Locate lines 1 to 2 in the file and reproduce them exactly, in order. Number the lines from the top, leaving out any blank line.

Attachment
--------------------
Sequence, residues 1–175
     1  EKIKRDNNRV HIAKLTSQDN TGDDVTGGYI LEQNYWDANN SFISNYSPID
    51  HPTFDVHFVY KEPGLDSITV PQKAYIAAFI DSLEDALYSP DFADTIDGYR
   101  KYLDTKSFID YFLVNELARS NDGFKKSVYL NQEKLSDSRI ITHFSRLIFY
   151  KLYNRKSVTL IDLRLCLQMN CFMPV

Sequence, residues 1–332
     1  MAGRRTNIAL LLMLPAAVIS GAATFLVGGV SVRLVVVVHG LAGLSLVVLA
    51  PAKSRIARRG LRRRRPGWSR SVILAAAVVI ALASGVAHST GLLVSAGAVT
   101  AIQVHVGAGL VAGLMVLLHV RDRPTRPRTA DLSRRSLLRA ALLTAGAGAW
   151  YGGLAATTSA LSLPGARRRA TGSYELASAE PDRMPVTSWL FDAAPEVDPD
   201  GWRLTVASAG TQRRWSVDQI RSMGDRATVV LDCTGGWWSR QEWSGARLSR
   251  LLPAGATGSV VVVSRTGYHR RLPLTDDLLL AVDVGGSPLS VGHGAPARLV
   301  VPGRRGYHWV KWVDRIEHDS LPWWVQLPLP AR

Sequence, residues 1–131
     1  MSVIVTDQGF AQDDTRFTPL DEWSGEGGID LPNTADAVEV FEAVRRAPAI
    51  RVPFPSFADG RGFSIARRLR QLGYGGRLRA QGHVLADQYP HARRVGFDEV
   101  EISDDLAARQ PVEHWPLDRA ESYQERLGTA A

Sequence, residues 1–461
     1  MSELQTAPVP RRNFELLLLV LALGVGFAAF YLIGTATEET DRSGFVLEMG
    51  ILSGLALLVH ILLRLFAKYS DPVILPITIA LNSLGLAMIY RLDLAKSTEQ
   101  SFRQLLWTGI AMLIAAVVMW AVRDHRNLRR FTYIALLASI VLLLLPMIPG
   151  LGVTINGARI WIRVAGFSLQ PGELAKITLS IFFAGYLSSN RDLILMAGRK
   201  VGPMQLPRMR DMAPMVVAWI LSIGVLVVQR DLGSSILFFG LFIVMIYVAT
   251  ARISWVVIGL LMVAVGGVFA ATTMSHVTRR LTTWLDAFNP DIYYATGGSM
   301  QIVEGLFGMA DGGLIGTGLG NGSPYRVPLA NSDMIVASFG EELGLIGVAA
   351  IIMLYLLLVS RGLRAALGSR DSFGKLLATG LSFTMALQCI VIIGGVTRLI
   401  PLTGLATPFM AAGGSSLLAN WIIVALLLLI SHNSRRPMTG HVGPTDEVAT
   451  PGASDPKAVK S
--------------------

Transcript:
Sequence, residues 1–175
     1  EKIKRDNNRV HIAKLTSQDN TGDDVTGGYI LEQNYWDANN SFISNYSPID